The family of Jim Henson is donating many of his original Muppets to a museum in Atlanta, according to The New York Times.
The Who2 Blog
“Potter defeated by Sandler’s fake gay firemen.”That’s Britain’s The Guardian describing the weekend U.S. boxoffice. (Translation: Adam Sandler’s film I Now Pronounce You Chuck and Larry took in $34.8 million to only $32.2 million for Harry Potter and the Order of the Phoenix.)
Tammy Faye Messner died on Friday after a long struggle with cancer. 48 hours earlier she had taped a final interview with Larry King, looking terribly gaunt (video) and saying her weight had dropped to 65 pounds.
“I’ve seen the miracles of God with my own eyes. I did a lot of bluffing, also.”Professional poker has its latest unknown champion: Jerry Yang, a psychologist from Temecula, California, has won the 2007 World Series of Poker.
Roger Federer claimed his fifth straight Wimbledon singles title today. The feat ties him with Swedish great Bjorn Borg, who pulled the same trick from 1976-80.On the distaff side, Venus Williams won her impressive fourth (non-consecutive) Wimbledon singles title this year.
Joey Chestnut has shocked the world of competitive eating. The civil engineering student from San Jose ate an astonishing 66 hot dogs in 12 minutes in the annual Nathan’s Famous hot dog eating competition at Coney Island. (That’s one hot dog every 10.91 seconds, if you’re counting at home.) It’s a new world record, by 6.5 dogs.
It isn’t exactly Folsom Prison, but Paris Hilton entered a Los Angeles jail on Sunday night to serve her time for violating parole by driving with a suspended license. A few notes:
Just in time for tourist season, the latest “sighting” of the Loch Ness Monster is being reported. You don’t think that the Tourism Board of Scotland… well, let’s let that unkind thought pass.
He hasn’t formally, formally announced his candidacy, but Republican actor-politician Fred Thompson has dropped enough hints that we’ve added him to our list of Candidates 2008.USA Today says that Thompson will announce his run on July 4th. There’s something symbolic about that date, apparently.
Amazing but true: President John F. Kennedy would be 90 years old today.A few others born in 1917 who are still alive now: actor Ernest Borgnine, singer Lena Horne, and sci-fi writer Arthur C. Clarke.
You might have thought that committing suicide in disgrace was just an old cliche about Japan, but the practice seems to be alive and well. So to speak.
Apolo Anton Ohno skated to a new title last night: king of the TV ballroom dancers.
Wally Schirra, one of the original Mercury 7 astronauts chosen by NASA, died Thursday of a heart attack at age 84. His family reported that he died at a hospital in La Jolla, California.
It appears that Gordon Brown is about to realize his decades-long dream and become prime mininster of the United Kingdom. Tony Blair has held the office for 10 years, but hinted strongly this week that he would step down soon.
Pulitzer Prize-winning author David Halberstam was killed in a car crash on Monday in Menlo Park, California. He was being driven from Berkeley to an interview with former NFL quarterback Y.A. Tittle when the crash occurred, according to the San Jose Mercury News.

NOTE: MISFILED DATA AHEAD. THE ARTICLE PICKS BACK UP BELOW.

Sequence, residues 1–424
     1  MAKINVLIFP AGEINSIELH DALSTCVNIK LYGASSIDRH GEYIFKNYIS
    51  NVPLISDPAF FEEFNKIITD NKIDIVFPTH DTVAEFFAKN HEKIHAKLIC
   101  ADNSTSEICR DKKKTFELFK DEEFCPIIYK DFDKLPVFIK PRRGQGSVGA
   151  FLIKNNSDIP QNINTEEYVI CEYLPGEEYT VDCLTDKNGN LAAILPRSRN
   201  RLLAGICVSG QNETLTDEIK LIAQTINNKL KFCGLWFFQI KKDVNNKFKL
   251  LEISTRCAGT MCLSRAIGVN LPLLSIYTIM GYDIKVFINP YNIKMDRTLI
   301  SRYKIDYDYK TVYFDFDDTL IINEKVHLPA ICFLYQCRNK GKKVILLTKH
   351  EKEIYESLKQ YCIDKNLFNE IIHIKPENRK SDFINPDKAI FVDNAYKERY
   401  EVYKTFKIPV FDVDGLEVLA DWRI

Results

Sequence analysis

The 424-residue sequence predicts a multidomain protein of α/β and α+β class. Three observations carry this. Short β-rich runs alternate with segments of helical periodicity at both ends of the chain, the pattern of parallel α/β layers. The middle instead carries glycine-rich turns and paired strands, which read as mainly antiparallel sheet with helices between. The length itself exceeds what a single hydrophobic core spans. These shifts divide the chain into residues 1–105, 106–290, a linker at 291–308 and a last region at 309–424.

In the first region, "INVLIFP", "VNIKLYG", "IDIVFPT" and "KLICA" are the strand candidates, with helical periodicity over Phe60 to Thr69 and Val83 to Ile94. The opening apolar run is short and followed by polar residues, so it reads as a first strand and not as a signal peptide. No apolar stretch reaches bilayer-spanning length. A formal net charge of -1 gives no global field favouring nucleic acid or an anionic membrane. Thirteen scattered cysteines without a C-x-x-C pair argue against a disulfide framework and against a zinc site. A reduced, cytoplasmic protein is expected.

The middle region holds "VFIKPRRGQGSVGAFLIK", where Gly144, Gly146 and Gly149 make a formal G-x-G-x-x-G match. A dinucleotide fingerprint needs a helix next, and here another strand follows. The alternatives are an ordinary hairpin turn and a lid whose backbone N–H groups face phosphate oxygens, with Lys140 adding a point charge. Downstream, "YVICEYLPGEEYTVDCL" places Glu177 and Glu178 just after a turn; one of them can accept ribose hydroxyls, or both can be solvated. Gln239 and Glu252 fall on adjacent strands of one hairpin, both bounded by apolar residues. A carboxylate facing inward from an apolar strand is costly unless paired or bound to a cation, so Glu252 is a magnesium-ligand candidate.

The University of Virginia has named the student accused of killing 32 people on campus yesterday: Cho Seung-Hui.According to a news release posted on the university’s website, Cho was 23 and was “enrolled as an undergraduate student in his senior year as an English major at Virginia Tech. Cho, a South Korean native, was in the U.S. as a resident alien with a residence established in Centerville, Virginia.”
15 April 2007 is the 60th anniversary of the day Jackie Robinson broke the color barrier in American baseball. On this day in 1947, Robinson started at first base for the Brooklyn Dodgers in Ebbetts Field. That made him the first African-American to play in baseball’s major leagues in the modern era. (Robinson’s line for his first game: 0-for-3 at the plate, one run scored, and he helped turn a double play in Brooklyn’s win ovef the old Boston Braves.)
Entertainer Don Ho died Saturday, of heart failure in Waikiki. The Honolulu Star-Bulletin has a fine recap of his life and career.
“Richard S. Prather, Author of Naked Mysteries, Dies at 85.”That headline tops a very funny obituary in today’s New York Times (registration required). In what must be its most entertaining obituary of the year so far, the Times describes Prather as a “hugely popular mystery writer of the 1950s and ’60s whose novels were known for their swift violence, loopy humor and astonishing number of characters with no clothes on.”
We’ve been sweating the birth date of S.E. Hinton, the celebrated author of the 1967 novel The Outsiders and other books for what used to be called “young adults” and now are often called “tweens.”Hinton is not a public person by any means, but she’s particularly coy about her birthdate. Many sources say 1950 or 1948; others say 1949 or even 1951. A letter from reader Sebastian Collins (a 1948 proponent) prompted us to dig into the matter somewhat deeper.